One of the most important exercises Annie Dillard had us do when I was her student in literary nonfiction as an undergrad was to research your own life.
You want to write about your life, she said, approximately. How much do you know about your life? Do you know the major industries of your hometown? When was the town settled? Do you know the seasons, the flora and fauna, the population size, the climate… on and on she went, rattling off points for us to check. And off we went, to research our hometowns.
We did not know much, we discovered. I was from a small town in Maine, Cape Elizabeth, on the southern coast, and I felt I did creditably well at the basics without looking: I knew the population was approximately 8,000. I knew there were farms amid suburban stretches, ocean on three sides, two light houses, and abandoned naval installations that I had played inside of as a child. I knew my town was rich, or, parts of it were, and that many of the richest families commuted to work in Portland, sometimes Boston. I knew the winter was long, the summer short, and that the ocean once used to freeze, but no longer did. I knew the shallow water lobster had gone extinct, but that residents once could just find them on the beaches. I knew there were seals and dolphins to be seen in Casco Bay, deer in the woods, and lady slipper orchids I used to stalk in the forest.
I did not know the date the town was settled—1630. I knew it was named for a Queen Elizabeth, but not which one—Elizabeth Stuart, also called Queen of Bohemia, or, Elizabeth of Bohemia, and sometimes, The Winter Queen. This I wish I’d known, growing up—it makes me like it better. I did not know the lighthouses had been set there in part because of the many shipwrecks, nor did I know the industry, if there even was one—farming was the answer, three major farms, owned by three families, for quite some time. Farming and also tourism—visitors to the beaches, and the two lighthouses. I knew there was a lighthouse museum at one of the lighthouses, and that I had visited the relics there, where I learned first what scrimshaw was, much of it among the relics from the shipwrecks, brought to shore by citizens who would go out on long lines attached to the land to bring back what they could from the dangerous surf.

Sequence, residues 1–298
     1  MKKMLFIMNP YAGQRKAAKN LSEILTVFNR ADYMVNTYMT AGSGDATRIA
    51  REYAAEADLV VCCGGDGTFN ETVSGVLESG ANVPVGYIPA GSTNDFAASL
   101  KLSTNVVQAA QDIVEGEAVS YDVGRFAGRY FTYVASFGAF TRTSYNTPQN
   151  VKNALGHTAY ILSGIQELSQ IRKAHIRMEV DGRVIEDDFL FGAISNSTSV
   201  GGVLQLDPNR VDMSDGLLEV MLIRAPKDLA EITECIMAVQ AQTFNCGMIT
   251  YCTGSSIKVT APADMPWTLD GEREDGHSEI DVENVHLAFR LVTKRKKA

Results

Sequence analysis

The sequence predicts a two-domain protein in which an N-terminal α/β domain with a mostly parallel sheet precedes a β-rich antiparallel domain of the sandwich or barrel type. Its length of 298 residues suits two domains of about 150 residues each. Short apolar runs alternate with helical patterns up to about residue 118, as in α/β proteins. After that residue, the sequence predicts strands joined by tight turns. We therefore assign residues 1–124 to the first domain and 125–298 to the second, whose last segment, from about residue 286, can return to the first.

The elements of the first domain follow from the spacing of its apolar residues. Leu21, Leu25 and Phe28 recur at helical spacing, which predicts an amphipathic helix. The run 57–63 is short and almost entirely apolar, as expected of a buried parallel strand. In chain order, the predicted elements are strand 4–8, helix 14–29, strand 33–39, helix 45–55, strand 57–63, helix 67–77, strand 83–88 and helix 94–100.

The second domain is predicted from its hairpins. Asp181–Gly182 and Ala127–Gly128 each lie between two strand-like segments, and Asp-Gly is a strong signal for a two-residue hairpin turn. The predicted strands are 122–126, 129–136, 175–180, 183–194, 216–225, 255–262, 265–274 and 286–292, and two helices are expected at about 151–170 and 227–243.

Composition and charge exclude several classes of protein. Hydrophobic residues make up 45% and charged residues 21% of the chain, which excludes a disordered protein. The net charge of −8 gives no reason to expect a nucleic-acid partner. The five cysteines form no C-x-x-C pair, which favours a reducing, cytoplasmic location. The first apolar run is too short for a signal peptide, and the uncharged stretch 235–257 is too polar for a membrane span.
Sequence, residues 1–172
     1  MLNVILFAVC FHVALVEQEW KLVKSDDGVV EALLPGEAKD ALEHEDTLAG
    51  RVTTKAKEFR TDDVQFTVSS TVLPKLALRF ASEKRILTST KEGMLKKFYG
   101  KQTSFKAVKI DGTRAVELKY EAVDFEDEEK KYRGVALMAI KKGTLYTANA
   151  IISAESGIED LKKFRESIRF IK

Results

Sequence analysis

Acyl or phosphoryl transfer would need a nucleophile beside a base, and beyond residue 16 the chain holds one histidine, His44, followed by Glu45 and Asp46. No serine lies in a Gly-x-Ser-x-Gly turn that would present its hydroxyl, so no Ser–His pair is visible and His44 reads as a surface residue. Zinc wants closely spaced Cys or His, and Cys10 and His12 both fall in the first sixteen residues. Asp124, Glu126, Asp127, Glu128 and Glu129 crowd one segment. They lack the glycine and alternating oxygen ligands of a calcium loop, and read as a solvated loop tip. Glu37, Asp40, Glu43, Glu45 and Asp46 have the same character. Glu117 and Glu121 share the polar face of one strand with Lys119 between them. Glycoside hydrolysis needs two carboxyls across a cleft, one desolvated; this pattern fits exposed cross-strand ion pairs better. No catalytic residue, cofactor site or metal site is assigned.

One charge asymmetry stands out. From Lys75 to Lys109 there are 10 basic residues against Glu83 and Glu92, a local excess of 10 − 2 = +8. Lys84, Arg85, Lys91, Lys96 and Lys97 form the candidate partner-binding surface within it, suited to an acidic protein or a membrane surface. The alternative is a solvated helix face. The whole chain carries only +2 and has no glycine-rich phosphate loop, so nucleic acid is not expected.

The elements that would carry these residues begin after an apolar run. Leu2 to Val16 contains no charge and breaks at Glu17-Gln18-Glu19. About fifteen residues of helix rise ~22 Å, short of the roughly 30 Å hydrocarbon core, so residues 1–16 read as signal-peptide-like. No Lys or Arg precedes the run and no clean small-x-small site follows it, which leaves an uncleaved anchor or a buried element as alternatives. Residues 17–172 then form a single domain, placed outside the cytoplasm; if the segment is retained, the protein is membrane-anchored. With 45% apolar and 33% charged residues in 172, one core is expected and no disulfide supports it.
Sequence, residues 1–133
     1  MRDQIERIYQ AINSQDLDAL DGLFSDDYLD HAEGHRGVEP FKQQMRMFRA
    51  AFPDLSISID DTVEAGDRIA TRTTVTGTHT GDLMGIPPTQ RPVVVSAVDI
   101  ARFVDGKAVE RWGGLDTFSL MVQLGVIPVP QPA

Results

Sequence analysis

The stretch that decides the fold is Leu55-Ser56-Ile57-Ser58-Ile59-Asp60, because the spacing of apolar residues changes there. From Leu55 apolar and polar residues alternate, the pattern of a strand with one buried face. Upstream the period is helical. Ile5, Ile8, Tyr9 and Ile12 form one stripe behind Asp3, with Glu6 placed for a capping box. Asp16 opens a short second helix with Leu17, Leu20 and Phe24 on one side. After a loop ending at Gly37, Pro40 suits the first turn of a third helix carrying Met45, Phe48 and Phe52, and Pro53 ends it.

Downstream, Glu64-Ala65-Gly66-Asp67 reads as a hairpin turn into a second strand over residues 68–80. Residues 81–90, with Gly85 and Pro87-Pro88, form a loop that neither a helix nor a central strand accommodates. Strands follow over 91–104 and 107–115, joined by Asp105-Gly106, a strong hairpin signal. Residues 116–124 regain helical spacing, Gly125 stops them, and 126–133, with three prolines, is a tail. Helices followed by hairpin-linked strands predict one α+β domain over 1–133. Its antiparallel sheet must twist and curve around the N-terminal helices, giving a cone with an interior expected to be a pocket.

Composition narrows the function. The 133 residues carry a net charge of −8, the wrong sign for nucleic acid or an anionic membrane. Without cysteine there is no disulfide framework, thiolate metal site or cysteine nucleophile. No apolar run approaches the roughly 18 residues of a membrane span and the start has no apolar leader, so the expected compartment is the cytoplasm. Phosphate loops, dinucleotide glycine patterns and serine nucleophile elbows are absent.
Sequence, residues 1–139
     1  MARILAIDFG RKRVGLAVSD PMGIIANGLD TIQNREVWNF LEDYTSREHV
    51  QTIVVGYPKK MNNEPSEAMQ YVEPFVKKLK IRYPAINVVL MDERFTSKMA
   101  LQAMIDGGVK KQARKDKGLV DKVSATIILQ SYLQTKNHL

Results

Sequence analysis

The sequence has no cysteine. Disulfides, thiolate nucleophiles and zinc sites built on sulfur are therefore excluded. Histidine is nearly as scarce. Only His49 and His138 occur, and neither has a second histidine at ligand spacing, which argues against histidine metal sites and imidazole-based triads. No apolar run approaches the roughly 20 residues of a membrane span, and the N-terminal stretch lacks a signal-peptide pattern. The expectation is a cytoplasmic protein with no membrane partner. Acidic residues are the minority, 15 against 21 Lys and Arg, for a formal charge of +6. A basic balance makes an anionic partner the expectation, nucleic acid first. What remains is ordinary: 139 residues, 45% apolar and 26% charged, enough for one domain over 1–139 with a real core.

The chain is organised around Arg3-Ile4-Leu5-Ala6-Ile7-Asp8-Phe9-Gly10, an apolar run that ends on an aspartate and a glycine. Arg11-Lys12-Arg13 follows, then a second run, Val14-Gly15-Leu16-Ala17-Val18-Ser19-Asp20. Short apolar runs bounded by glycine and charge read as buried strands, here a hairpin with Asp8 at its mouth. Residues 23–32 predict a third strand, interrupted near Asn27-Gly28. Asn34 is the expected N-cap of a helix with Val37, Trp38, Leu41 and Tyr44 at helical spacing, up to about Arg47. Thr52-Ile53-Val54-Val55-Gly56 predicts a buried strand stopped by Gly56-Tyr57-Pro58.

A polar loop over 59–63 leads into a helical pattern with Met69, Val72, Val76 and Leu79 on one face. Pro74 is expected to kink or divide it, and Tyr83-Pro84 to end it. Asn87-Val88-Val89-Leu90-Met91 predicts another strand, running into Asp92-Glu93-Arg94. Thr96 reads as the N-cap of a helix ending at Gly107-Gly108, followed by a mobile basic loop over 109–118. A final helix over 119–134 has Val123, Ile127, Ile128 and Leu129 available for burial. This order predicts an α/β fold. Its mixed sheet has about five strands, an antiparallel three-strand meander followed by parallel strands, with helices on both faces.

What I came to find explained a great deal of what had always been a little mysterious to me about the area: the whole town had always had the feeling of farms left on an abandoned station, deep underneath the pleasant suburban surface.
This was an important early lesson for me as a writer: You know the least about your life precisely because, for living in it, you might barely notice it. You are from a place and you believe you know it, but your memories are not just unreliable, they are full of research holes. I returned to this lesson with my first novel, Edinburgh, for example, set partly in my home town, and inspired partly by events from my own life. I was trying to describe a landscape, and remembered there was a red wildflower that I loved in summer. I wrote “red flower” on the page and stopped.
“Red flower” could be anything from a rose to a tulip to a begonia. I went and found a book with the flora and fauna of Maine by season. Orange hawkweed was the name of that flower. Also called Devil’s Paintbrush.
So much better than “red flower”.
As I grew as a writer, I learned the same holds true for yourself: you are the red flower in your landscape. You need to turn that attention to yourself. Research yourself. Where were you born? Why? What were your parents doing at the time? What records are there of it? What are the stories they always tell? Can you interview those who know you or knew you as to what they remember? Is there any documentation? Old letters, old photos, court records. What was in the newspapers at the time you were born? What are your major industries? What is your local population—how many people have you been as you tried to be you, and how many are you? Who are you named after, if anyone, and why?
And once you know all of this, what do you think you can write that you couldn’t write before?
This is all fine for an essay, you might say. How do I use it in fiction? Well, to use any or all of this in fiction, I would start next, for me, with what feels real out of what I want to invent. Using your life in fiction doesn’t have to mean only replicating it. That I call the mistake of verisimilitude. I would start instead with the farms on an abandoned station, the old use of the station unknown to me. I know what that feels like: the sense of old wars and what supplied them, hidden underground. I would begin describing that, and see who shows up to take the rest of the story forward. And once the characters arrive in that landscape, I let them show me the rest of the way.